Eir's Lennon to step up to CEO role in wake of French takeover
Eir insider Carolan Lennon will be the telco's new CEO when a controlling stake in the company is sold to firms connected to French billionaire Xavier Niel.
Ms Lennon will succeed incumbent Richard Moat, who is leaving the role after formally taking up the post in 2014.
She is currently the managing director of the Open Eir networks and wholesale division.
Eir has also announced that An Post CEO David McRedmond, the former boss of TV3, will become the telco's non-executive chairman once the deal with Mr Niel's companies has been finalised.
Ms Lennon is the first woman to run Eir and the first Irish person since 2007 to be CEO. Each of the last four Eir CEOs was hired in from abroad.
Mr McRedmond will take over from Carl Leaver, who has held the post since September last year. Mr Leaver had succeeded former ESB boss Padraig McManus in the role.
An Post and Eir were once sister companies.
From Coolock on Dublin's northside, Ms Lennon (51) joined Eir in 2010 from Vodafone, initially as chief commercial officer, before becoming has head of the group's wholesale arm in 2016. After graduating from UCD, she worked in the financial sector before leaving to do an MBA in Trinity in 1996.
She's also a non-executive director of AIB, having joined the bank's board in 2016. She is a member of AIB's board risk committee.
Ms Lennon has been leading the rollout of infrastructure that by the end of this year will connect 300,000 rural homes to Eir's fibre broadband network.
Two French firms, NJJ and Iliad, are buying a combined 65pc of Eir in a €650m deal that was announced last year.
NJJ is Mr Niel's investment vehicle, and will own 32.9pc of Eir. Stock market-listed telecoms firm Iliad was founded by Mr Niel who owns 52pc of the firm. Iliad will own the remaining stake of Eir that's being sold. That deal is set to be sealed by the end of June.
In its last financial year, Eir generated revenue of €1.32bn and earnings before interest, tax, depreciation and amortisation of €520m. The figures were 1pc and 4pc higher respectively year-on-year. The Open Eir unit accounted for €340m of group revenue.
Ms Lennon said she is "excited" about her new role. "The company's new owners have significant telecommunications experience and a long track record of success," she said.
"My priority and ambition is to work closely with the new owners on a strategic level to achieve one objective for Eir - to provide the best mobile and broadband network to every household and business across Ireland through multi-year investments in innovative yet simple solutions."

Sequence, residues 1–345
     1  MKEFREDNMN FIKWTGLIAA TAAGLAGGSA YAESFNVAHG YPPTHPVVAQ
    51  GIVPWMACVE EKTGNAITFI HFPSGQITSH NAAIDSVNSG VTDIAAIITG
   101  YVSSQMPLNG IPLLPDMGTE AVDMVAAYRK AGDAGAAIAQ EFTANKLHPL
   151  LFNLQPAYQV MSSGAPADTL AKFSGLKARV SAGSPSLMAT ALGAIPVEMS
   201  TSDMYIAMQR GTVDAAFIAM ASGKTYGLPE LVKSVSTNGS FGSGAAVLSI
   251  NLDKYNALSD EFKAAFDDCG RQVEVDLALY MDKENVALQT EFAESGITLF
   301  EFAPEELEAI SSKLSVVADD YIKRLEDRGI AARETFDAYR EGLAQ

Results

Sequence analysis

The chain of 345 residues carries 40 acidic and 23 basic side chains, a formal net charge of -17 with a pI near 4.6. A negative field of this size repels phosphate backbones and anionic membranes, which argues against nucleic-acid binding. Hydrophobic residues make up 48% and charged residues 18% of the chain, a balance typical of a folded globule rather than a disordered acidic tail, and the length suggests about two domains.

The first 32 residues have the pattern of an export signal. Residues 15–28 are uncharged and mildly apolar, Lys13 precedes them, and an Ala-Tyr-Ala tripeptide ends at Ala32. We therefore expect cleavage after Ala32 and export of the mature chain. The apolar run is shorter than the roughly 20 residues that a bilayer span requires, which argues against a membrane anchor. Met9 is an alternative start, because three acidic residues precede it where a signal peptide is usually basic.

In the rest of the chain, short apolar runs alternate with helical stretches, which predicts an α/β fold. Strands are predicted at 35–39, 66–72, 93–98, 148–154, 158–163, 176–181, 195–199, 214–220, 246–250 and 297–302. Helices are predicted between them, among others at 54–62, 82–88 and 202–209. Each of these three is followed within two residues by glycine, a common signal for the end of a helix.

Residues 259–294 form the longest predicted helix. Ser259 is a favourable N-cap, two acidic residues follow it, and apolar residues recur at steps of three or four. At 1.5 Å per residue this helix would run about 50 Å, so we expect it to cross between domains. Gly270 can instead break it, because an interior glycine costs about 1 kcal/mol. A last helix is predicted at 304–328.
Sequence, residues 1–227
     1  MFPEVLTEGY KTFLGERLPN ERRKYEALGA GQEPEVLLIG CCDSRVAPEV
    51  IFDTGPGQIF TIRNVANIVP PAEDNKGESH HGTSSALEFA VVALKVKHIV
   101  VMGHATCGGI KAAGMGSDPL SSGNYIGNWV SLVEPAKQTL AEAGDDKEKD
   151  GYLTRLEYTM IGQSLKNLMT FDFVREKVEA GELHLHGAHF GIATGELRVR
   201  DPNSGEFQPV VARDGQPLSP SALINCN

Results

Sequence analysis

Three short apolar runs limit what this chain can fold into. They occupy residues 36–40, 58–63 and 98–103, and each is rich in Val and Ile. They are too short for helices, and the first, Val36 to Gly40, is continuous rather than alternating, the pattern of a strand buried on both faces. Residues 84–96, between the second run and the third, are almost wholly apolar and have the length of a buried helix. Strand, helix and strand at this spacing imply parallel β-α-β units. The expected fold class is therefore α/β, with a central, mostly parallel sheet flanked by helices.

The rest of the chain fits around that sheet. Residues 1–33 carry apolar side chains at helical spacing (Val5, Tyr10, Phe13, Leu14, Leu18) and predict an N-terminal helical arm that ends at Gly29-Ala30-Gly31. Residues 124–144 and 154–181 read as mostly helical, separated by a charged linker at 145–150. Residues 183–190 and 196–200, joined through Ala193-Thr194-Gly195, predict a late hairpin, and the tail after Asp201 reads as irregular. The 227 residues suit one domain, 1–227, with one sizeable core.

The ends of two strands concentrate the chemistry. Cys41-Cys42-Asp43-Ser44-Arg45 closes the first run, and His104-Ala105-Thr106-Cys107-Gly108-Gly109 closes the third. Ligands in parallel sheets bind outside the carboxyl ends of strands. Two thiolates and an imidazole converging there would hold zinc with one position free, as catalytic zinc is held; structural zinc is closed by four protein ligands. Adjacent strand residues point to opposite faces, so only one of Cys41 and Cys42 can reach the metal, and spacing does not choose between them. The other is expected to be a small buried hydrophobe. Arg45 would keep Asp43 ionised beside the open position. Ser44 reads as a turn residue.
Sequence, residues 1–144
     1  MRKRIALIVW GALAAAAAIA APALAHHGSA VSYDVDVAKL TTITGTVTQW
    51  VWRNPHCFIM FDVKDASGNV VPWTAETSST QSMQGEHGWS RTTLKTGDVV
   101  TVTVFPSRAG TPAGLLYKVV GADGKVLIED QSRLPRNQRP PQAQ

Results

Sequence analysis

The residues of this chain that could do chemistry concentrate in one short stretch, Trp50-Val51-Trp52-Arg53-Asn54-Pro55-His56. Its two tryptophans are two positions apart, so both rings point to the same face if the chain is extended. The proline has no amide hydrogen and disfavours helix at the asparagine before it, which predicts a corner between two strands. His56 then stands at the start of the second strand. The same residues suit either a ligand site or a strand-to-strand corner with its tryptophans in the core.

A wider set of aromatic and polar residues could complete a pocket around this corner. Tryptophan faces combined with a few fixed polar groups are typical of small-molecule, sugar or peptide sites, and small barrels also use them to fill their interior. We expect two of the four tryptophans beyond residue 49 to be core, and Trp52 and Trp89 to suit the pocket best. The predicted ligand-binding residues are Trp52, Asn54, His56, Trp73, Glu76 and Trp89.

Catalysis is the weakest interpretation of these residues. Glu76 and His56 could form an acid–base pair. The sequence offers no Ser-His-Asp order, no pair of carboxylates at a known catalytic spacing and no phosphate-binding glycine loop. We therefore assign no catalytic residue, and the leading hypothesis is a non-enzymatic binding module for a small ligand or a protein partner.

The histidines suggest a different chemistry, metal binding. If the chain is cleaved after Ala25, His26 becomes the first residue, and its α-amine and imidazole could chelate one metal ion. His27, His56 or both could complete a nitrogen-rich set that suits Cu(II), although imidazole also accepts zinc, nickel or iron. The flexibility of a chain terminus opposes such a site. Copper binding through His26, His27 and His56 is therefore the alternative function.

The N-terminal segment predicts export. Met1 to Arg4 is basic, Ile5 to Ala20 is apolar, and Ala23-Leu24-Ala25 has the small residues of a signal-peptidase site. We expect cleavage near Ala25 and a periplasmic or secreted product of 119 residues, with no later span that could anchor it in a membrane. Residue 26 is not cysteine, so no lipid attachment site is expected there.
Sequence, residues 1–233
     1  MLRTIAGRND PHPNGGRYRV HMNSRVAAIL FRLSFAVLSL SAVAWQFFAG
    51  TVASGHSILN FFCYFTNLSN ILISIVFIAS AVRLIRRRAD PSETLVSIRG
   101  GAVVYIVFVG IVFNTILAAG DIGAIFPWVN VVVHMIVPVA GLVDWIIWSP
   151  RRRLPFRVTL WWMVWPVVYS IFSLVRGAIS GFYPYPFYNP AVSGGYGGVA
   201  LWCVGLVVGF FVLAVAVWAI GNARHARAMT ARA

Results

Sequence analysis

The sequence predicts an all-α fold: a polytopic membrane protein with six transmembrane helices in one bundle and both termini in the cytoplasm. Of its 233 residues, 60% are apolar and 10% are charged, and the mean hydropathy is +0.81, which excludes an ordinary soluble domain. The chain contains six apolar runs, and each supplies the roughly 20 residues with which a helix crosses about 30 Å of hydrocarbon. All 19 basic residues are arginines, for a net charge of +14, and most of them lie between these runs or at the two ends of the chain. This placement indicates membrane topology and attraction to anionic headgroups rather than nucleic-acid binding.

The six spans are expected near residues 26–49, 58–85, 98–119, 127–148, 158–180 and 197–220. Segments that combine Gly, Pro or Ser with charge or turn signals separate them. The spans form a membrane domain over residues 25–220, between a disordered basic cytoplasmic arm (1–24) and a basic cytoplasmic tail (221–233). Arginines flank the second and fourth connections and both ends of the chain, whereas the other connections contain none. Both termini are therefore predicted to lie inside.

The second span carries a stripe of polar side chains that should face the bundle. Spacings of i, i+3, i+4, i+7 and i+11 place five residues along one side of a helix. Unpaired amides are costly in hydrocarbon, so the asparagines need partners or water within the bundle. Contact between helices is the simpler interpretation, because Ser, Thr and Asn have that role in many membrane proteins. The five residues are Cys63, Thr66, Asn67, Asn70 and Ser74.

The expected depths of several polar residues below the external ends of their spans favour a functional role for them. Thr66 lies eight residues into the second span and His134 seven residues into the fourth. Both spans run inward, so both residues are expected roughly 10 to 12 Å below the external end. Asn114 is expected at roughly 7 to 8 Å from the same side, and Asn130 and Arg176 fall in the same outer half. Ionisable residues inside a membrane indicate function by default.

Mr McRedmond said that the new ownership structure of Eir combined with its management team will give it the potential "to exceed Irish people's expectations for connectivity".
"Eir today is a good business and I hope in the years ahead it will become a great company," he said.
Ms Lennon will take over at Eir as the government's National Broadband Plan remains in limbo following the telco's decision in January to exit the race to deploy the network. It left just one group, a consortium of Enet and power firm SSE, in the running.
Eir said it was unable to make the economics of the plan stack up. Mr Moat said that under the scheme, Eir would have had to duplicate its wholesale division at a cost of tens of millions of euro, for instance.
"The overarching investment environment for fibre given the potential changes to regulated wholesale rate is not looking that attractive for us. Put those things together and it's very difficult to make a positive business case," he told the Irish Independent last month.
The Government has insisted broadband plan will be awarded by September.
Mr Moat, originally from Birmingham, told the Irish Independent earlier this month that he intends to remain in Ireland after leaving Eir. "I'm staying here. I'm intending to establish the next phase of my career here," he said, adding that he had not yet identified a new role.
He has previously held executive roles with companies including telco Orange and oil firm Marathon. He's currently a non-executive director of listed UK financial services firm International Personal Finance.
Eir has seen 10 changes to its ownership structure in almost the past 20 years. It was floated on the stock market in 1999 by the then Fianna Fáil government and in later years was saddled with debt by subsequent owners.
In 2012, it entered what was the State's biggest ever examinership. It had €4bn of debt. It exited that process the same year, with the debt pile slashed by 40pc. It has since been placed on a much stronger financial footing.